Fresno State students often wait weeks for mental health therapy. Advocates want change

13 tips for mental health wellness

Coping skills help reduce stress and promote good mental health. Here are some tips to boost mood.
Up Next
Coping skills help reduce stress and promote good mental health. Here are some tips to boost mood.

Advocates at Fresno State are asking for more resources to hire additional mental health counselors in order to reduce long wait times and high staff-to-student ratios that they say pose a danger to students in crisis.

The university has eight licensed counselors for its 24,000-strong student body, or one counselor for every 3,000 students. That’s the second-highest ratio in the California State University system, and double the 1-to-1,500 ratio recommended by the International Association of Counseling Services.

The counseling staff at the university is supported by a team of interns who see patients under the supervision of a licensed counselor, as well as a case manager, groups, classes and a crisis service that can see students within one hour during business hours.

Still, the staffing ratios mean that students may wait 2-3 weeks for a non-emergency appointment during the busy times of the year, something Cecilia Ruesta, who’s pursuing a masters in social work at the university, says she experienced firsthand as an undergraduate.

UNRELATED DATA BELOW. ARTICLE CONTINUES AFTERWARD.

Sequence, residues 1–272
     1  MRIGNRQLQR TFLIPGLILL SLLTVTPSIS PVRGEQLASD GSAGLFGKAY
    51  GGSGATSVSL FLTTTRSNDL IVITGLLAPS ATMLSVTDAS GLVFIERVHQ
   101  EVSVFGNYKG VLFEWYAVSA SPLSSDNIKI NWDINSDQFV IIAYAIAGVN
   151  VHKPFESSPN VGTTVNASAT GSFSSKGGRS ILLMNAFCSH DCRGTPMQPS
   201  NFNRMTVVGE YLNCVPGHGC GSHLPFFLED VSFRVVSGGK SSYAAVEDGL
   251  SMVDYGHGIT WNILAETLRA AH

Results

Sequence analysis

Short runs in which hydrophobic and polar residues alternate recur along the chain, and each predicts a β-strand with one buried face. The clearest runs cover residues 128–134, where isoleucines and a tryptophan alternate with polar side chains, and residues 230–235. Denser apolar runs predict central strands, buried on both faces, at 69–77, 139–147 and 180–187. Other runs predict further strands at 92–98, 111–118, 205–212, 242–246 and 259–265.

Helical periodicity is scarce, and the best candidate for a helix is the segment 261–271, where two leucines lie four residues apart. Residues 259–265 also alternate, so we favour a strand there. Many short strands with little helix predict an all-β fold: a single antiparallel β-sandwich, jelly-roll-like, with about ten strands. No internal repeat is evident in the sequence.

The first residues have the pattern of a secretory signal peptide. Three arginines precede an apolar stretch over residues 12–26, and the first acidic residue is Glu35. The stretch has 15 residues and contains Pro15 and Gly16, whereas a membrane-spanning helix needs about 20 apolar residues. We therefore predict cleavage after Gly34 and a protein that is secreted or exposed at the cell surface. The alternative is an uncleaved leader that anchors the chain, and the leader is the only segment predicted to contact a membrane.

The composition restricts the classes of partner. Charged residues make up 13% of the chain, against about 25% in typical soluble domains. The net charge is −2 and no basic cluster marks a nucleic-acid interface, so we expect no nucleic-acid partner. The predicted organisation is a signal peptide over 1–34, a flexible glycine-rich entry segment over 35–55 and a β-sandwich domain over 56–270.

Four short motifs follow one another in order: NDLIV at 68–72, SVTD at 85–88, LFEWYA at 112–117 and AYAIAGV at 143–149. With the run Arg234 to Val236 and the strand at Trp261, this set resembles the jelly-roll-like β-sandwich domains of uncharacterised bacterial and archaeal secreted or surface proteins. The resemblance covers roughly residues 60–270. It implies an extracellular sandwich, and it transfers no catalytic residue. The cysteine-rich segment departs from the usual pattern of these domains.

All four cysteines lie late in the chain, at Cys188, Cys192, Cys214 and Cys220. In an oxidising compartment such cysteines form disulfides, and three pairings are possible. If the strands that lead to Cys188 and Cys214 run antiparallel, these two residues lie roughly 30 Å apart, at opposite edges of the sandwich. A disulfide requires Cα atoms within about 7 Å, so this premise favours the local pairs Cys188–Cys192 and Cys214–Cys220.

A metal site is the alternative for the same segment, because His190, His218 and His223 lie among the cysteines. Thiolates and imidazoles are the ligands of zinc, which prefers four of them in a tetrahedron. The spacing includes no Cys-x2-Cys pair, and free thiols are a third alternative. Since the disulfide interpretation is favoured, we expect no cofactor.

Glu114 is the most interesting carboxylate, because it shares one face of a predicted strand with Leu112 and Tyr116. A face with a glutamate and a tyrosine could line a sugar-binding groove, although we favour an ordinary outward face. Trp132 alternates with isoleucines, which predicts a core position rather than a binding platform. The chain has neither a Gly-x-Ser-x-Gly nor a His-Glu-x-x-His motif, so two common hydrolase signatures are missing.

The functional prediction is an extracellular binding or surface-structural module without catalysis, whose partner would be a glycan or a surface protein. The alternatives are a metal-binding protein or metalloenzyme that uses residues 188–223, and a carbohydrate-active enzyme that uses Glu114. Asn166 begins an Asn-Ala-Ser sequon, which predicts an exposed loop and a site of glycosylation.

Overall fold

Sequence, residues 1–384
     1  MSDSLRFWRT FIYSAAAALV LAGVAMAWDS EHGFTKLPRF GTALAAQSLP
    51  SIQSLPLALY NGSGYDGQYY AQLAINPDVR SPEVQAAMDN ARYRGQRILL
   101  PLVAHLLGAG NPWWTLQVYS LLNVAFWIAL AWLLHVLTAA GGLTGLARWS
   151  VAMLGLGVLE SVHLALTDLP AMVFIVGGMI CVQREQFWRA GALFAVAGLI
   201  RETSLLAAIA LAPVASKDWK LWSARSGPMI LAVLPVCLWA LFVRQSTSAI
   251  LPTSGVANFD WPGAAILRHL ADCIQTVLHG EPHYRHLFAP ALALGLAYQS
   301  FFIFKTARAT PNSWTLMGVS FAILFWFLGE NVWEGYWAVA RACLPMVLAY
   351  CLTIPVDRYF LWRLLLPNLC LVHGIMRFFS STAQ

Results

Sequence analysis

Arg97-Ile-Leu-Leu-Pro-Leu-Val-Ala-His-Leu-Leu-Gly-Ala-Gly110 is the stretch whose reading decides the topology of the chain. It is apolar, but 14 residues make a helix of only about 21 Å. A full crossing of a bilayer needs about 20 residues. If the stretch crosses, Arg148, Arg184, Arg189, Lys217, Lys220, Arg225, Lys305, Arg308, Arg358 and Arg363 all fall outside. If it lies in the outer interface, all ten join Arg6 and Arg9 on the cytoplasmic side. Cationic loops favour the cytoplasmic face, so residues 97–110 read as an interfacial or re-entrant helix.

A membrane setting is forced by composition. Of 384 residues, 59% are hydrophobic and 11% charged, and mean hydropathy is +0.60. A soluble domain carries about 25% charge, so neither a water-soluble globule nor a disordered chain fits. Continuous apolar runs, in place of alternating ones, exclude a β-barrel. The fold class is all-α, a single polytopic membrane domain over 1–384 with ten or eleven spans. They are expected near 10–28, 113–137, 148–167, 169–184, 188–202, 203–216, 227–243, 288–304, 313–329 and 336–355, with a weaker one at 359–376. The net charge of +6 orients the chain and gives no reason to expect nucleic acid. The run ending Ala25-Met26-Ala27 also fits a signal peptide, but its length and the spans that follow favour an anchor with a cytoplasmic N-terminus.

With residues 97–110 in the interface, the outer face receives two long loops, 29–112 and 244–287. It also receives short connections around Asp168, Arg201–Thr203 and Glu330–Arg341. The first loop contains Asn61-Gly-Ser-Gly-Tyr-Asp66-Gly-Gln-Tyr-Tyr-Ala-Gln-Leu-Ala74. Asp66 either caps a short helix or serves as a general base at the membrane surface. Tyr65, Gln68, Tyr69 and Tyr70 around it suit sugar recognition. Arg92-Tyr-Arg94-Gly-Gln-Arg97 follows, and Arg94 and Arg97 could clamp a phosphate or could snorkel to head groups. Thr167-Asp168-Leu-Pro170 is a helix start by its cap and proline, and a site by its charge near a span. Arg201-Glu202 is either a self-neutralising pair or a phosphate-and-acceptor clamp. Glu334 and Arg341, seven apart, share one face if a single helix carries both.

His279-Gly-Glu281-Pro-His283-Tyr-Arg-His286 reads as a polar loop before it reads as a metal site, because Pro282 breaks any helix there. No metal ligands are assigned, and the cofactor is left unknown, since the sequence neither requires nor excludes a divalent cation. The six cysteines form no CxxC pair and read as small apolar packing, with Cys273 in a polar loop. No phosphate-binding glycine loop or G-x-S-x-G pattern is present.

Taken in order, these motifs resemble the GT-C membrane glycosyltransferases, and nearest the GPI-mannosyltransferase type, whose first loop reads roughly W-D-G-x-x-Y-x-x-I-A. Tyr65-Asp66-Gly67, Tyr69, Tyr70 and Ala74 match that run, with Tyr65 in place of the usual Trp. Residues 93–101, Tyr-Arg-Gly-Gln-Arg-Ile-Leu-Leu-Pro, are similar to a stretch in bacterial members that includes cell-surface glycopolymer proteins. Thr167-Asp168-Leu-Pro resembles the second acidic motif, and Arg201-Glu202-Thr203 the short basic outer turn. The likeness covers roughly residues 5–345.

“When I was first seeking out services, I was in crisis. And to have to wait another three weeks to be seen was not good for me. It’s not consistent,” she said. “Seeing my own patients now, I know it’s critical that students in need be taken care of as quickly as possible, and that those services be accessible.”

More staff would also reduce the time in between repeat visits, which Ruesta said she believes is crucial to effective therapy.

“Therapy is a very slow process,” she said. “If there is a two, three week wait, it’s almost like starting over.”

National, state and university trends

Not all 24,000 students on the Fresno State campus will seek out counseling, but each counselor does process one new patient every day, according to the university’s director of counseling and psychological services, Malia Sherman. The Student Health and Counseling Center sees about 5,000-6,000 appointments every academic year, she said, with the longest wait times at the end of the semester.

Fresno State plans to increase the student health fee by $52 per year beginning in fall 2020 in order to fund three new positions at the counseling center.

Sherman said the university does a good job with the resources that it has, but that there is a need for additional mental health staffers on college campuses nationwide.

“We have a lot of opportunities for one-time money, but we can’t hire people with one-time funding,” Sherman said. “We can always find something for another counselor to do.”

Instead, Sherman said she believes that the way forward is through innovative programs like text message-based crisis hotlines, as well as Fresno State’s own Let’s Talk program, which seeks to capture students who may not have experience with traditional therapy.

Licensed counselors staff the Let’s Talk program, and students may be referred to further therapy in the clinic, but wait times and sessions are shorter: students can walk in and expect to be seen the same day for a 20- or 30-minute appointment.